Death by a Thousand Nags
You’ve forgiven an affair. You’ve put up with violations of the marriage’s budget. You’ve been bored, irked, and ignored.
But if he mentions picking up a goddamned wet towel off the floor one more time, you’re out of there.
That’s the gist of recent research about the real “marriage killer,” which is summarized in an interesting Wall Street Journal piece.
It’s nagging. Researchers have found that unhappy couples nag much more than the happy ones, and that this nagging can constitute as grave if not a graver "death by a thousand cuts" threat to a marriage than the more cataclysmic eruptions of adultery or financial collapse.
The research looks at ways to break the nagging conversational habit. That seems like a useful enough strategy.
And, heaven forbid that life, or marriage, should present us with a problem that can’t be solved with 10 bulletized advice tips that can fit in a mauve-colored sidebar in a women’s magazine, one of which is invariably some version of “take a deep breath and calm down” and another is invariably some version of “tell your partner what you’re feeling.”
The premise behind changing the nagging conversation, of course, is that the problem really is a snarky discursive style, rooted in insecurity or obsessiveness, for example. In other words, when it comes to the nag, a “cigar is just a cigar,” as Freud tells us.
I totally believe that in some cases, this is true. Nagging doesn’t connote anything more ominous than the nagging habit itself, and a sense of insecurity, perhaps, about getting what you want.
Having been around lots of nagging couples and spouses, though, I also feel that in other cases, the nag is more like a secret code, or language, that only the marriage entirely understands, or even hears. The nag broadcasts a message on a frequency that the spouses hear but not outsiders.
Most relationships of any duration have secret decoder ring elements: they have idiosyncratic ways that they talk about truths that are simply too hard or obdurate to unpack, so they handle them through safely-coded discourse. The nag takes a chisel to that big, hulking rock of a problem, rather than a pack of dynamite.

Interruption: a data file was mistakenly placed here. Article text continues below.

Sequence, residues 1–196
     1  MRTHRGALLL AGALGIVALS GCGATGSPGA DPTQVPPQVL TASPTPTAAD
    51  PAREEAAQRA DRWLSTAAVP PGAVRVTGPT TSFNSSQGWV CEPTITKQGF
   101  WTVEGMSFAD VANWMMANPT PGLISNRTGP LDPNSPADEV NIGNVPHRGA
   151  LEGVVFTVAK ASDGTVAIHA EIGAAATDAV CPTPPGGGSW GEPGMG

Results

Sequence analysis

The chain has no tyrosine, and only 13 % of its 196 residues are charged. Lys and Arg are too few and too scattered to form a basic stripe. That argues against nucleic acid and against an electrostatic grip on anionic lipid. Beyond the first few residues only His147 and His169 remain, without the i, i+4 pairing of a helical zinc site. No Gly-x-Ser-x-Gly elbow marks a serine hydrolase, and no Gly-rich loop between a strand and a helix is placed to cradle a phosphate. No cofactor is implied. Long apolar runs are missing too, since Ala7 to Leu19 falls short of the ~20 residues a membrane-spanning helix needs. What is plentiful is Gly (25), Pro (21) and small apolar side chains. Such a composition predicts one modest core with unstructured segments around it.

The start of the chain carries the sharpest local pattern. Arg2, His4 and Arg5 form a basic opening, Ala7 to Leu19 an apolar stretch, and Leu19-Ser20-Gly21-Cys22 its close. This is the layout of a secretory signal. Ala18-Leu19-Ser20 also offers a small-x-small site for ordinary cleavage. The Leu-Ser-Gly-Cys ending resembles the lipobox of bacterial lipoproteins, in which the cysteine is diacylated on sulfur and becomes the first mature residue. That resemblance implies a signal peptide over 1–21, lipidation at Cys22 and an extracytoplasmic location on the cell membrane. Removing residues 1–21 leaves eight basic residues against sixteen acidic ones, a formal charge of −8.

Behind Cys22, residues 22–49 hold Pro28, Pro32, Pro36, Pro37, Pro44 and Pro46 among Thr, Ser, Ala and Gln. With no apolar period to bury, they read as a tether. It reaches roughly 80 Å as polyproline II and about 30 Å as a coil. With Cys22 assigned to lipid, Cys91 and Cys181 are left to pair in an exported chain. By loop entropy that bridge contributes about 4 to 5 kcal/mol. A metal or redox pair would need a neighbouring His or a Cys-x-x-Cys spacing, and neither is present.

My hunch with some nagging couples is that the cigar isn’t just a cigar, at all. It’s a way of “saying” a discontent that goes deeper but that, once articulated openly, will effectively unravel the relationship. It must be "vented," this discontent, but it can’t be expressed head-on, because the consequences are just too grave.
In these cases, “don’t mix colors with whites in the laundry” is how we pronounce the deeper problem of, “I’ve lost that lovin’ feeling.”
Having some fun, here’s the nag, and here’s what the secret decoder ring tells us it really means:
Please don’t put the dry dog food in this Tupperware container. I told you that ten times already
I am sexually frustrated
I asked you to put the dishes away and they’re still in the dishwasher. Would you please do that?
I do not really like you that much anymore. I feel so disconnected, and sad
I wish you wouldn’t put your feet up on that chair
I wish I could quit this marriage. Get me out of here
What really interests me is marital conversation in general. I’m fascinated by the ways that we inhabit our most intimate space, and lives, with another person, and yet can leave the most honest, searing, and monumentally important things unsaid and unshared--except insofar as they come out of the escape valve of sideways conversational tics, whether it be the nag, the whine, the well-timed silence, the strategic blank stare, the sarcastic side comment, or thousands of other conversational idiosyncrasies.
Indeed, maybe a long-term relationship relies on these oblique approaches.
Culturally, we extol openness and honesty. But there’s much to be said for suppression, discretion, and strategic indirection. That great WASP skill, suppression, is under-rated.
I know that therapists will disagree. But from the trenches, it seems that many an okay if not awesome marriage survives, or at least survives longer, in a murky zone of knowing but not knowing, of saying but not really saying. It's a zone of conveying a gist or mood of what we feel without stating the thing with irrevocable, irreversibly blunt candor.
Granted, the nag habit is indeed unpleasant, so it’s not a good case for the virtues of suppression and the strategic meander around truth.
But there are other habits of coded conversation that might contribute to marital longevity, even health, that aren’t so corrosive, or annoying.
Marriages tread gently around some truths, because the truths, once you got to unraveling them, would undo the entire marriage, and maybe that’s not where the spouses want to end up—lost in a skein of threads that was once a life they had together. All because someone expressed their existential sadness directly, instead of encoding it in an admittedly corrosive but not fatal nag about a dust ball.
So the question is, what does a nag mean? Is the cigar just a cigar? Is it a cause, or a code, of unhappiness?
In cases, where the nag is a bad habit, then it can be more easily corrected. But when the nagging is private marital code for a malaise that has a deeper wellspring, then nag therapy might be the marital equivalent of re-arranging deck chairs on the Titanic. That ship’s going down, and you’re still worried about the grease build-up on that frying pan, and your spouse’s inadequate skills with a sponge.
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